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Introduction to the Service

Volcanic eruptions may eject large amounts of ash (aerosols) and trace gases such as sulphur dioxide (SO2) into the atmosphere. These ejecta can have considerable impact on the safety of air traffic and on human health. Ground-based monitoring is carried out at only a limited number of volcanoes: most volcanoes are not monitored on a regular basis, in particular the remotely located volcanoes.

SO2 from Kasatochi eruption -- 10 August 2008 SO2 vertical columns density as measured by the GOME-2 instrument on 10 August 2008 south of Alaska. The SO2 was released by the Kasatochi volcano (52.17N, 175.51W; summit 314 m), which erupted late in the evening of 7 August.

Global observations of SO2 and aerosols derived from satellite measurements in near-real time may therefore provide useful complementary information to assess the possible impact of volcanic eruptions on air traffic control and public safety.

The Support to Aviation Control Service (SACS) focuses on the timely delivery of SO2 data derived from different satellite instruments, measuring in the UV/Visible (GOME-2, SCIAMACHY and OMI) and the InfraRed (IASI and AIRS) on board of polar-orbiting satellites.

Since most volcanic eruptions emit both SO2 and ash, the precence of SO2 can serve as a marker for volcanic ash clouds, at least in the first few days after an eruption. The Service thus allows for monitoring the occurrence, extension and motion of volcanic plumes.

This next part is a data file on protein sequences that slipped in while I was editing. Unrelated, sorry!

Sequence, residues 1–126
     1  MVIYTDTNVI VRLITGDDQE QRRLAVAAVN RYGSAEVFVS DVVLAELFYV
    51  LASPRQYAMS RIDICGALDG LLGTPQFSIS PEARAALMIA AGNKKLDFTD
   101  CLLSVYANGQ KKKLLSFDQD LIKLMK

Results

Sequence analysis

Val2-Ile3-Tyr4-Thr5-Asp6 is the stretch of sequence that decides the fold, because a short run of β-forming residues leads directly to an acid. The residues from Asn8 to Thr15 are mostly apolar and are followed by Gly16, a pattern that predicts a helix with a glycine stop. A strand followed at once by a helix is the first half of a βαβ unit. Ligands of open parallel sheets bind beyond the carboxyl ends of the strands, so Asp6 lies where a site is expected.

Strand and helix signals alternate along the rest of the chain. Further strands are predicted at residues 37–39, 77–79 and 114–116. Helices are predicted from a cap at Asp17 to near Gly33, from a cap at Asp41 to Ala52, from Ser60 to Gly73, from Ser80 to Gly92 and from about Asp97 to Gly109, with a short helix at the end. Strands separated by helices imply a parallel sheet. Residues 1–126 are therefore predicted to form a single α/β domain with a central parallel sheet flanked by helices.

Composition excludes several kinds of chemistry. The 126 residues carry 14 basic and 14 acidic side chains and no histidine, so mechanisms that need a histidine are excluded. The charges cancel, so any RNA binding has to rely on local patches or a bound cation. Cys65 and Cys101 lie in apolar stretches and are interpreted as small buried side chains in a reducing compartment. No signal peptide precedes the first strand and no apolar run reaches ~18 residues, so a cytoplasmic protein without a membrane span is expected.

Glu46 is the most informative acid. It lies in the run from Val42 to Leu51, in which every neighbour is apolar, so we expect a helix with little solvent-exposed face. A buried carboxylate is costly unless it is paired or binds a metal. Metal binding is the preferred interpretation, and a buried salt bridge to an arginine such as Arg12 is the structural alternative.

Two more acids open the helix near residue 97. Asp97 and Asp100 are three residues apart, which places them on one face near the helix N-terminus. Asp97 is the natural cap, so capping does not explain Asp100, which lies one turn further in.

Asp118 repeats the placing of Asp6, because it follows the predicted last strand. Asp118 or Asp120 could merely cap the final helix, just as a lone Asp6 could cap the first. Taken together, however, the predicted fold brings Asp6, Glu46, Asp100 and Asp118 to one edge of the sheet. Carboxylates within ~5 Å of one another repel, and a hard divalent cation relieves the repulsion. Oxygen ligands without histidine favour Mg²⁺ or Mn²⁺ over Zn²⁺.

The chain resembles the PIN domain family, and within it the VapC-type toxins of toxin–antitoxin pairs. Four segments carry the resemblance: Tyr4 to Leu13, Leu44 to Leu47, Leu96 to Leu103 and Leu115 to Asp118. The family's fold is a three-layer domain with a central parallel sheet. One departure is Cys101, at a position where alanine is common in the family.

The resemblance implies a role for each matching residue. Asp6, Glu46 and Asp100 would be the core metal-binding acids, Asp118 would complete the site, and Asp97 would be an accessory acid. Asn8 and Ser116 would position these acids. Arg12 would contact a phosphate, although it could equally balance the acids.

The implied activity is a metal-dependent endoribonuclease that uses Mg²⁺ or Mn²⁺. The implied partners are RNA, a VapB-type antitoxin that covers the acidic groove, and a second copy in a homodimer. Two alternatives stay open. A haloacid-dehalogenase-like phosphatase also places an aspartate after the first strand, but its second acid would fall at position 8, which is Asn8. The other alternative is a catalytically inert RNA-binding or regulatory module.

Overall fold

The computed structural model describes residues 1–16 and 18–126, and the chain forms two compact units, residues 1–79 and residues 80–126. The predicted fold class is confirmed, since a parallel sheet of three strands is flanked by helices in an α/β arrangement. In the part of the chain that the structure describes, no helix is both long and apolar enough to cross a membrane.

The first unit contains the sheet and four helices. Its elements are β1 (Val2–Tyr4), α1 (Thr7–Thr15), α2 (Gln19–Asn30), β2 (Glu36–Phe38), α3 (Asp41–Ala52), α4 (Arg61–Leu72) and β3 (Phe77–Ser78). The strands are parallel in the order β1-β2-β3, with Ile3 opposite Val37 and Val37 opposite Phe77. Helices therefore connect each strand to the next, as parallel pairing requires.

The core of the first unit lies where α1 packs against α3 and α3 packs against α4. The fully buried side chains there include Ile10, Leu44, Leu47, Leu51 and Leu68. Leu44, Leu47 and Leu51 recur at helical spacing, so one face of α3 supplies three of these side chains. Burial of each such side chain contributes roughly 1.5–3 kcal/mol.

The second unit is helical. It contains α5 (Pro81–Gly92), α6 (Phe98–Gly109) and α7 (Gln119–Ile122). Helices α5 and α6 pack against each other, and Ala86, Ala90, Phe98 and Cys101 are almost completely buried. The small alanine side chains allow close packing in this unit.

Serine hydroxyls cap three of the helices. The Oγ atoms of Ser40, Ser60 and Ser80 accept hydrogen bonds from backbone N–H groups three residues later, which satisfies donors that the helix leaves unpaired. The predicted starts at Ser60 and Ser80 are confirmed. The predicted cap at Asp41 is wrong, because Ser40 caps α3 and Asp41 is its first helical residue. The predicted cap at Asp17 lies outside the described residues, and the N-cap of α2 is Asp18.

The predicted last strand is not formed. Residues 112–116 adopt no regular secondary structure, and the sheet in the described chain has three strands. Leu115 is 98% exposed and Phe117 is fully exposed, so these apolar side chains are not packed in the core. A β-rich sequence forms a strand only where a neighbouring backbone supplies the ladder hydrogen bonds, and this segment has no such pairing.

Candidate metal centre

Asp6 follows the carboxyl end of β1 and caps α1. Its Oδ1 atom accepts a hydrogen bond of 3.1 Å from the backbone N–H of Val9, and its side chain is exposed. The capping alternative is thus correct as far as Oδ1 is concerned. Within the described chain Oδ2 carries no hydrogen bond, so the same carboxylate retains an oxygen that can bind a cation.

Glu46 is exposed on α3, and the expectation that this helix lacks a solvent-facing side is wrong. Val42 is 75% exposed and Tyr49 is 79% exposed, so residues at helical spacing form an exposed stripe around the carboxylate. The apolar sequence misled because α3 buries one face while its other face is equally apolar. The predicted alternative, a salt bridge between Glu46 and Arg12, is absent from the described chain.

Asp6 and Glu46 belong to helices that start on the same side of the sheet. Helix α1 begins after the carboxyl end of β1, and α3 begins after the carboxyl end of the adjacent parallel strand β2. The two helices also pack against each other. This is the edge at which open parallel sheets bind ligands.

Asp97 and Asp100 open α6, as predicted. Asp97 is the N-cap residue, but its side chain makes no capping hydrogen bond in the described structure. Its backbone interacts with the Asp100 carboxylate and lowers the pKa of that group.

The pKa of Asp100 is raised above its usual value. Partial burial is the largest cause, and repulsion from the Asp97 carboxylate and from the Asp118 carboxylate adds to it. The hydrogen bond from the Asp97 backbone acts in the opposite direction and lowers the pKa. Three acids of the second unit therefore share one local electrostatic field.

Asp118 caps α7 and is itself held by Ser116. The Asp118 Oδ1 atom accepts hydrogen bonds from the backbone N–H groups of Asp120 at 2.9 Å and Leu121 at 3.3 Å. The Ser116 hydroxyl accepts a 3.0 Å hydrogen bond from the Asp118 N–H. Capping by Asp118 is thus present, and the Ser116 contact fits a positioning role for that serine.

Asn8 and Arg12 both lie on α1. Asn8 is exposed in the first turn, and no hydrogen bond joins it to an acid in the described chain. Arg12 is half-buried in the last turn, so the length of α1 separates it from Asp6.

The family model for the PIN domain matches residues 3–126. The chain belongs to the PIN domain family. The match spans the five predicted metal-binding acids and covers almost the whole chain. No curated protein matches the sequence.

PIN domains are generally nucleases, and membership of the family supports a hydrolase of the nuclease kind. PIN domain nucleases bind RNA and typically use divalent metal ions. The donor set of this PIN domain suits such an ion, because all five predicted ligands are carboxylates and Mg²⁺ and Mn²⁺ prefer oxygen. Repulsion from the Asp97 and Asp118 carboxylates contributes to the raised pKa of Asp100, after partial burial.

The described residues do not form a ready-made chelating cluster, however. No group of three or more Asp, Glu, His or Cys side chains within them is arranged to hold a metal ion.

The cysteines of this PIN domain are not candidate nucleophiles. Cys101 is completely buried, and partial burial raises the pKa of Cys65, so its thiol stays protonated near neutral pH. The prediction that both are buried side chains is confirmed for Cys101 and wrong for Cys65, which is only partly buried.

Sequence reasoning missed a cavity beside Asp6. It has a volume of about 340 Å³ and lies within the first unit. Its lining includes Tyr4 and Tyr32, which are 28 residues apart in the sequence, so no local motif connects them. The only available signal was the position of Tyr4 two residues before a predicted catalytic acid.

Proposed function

On the basis of selection criteria of exceptional SO2 concentrations, the Service issues a notification by e-mail to interested parties, with a reference to a dedicated page at the website with the SO2 map of the event and (links to) further information on the event. Though SACS is primarily aimed at supporting the Volcanic Ash Advisory Centres (VAACs) in their tasks. These centres are the official organisations responsible for gathering information on volcanic clouds. Anyone interested can subscribe to the email notification service of SACS.

SACS will link its service to other ongoing activities in this area, notably the Support to Aviation for Volcanic Ash Avoidance (SAVAA) project, which will provide backward and foreward trajectories of the volcanic plume. These trajectories will facilitate the interpretation of the satellite observations, will provide an indication of the location of the source of the SO2 and of the height of the plume, and will forecast the motion of the volcanic plume.

Service project history

Initial parts of SACS were set up under the TEMIS project (2002-2009). The Service became really operational duing the PROMOTE Stage II project (2006-2009), and is continued after that as project in itself (2009-2012), with close links to the SAVAA project (2008-2011). All these projects are financially supported by the European Space Agency.
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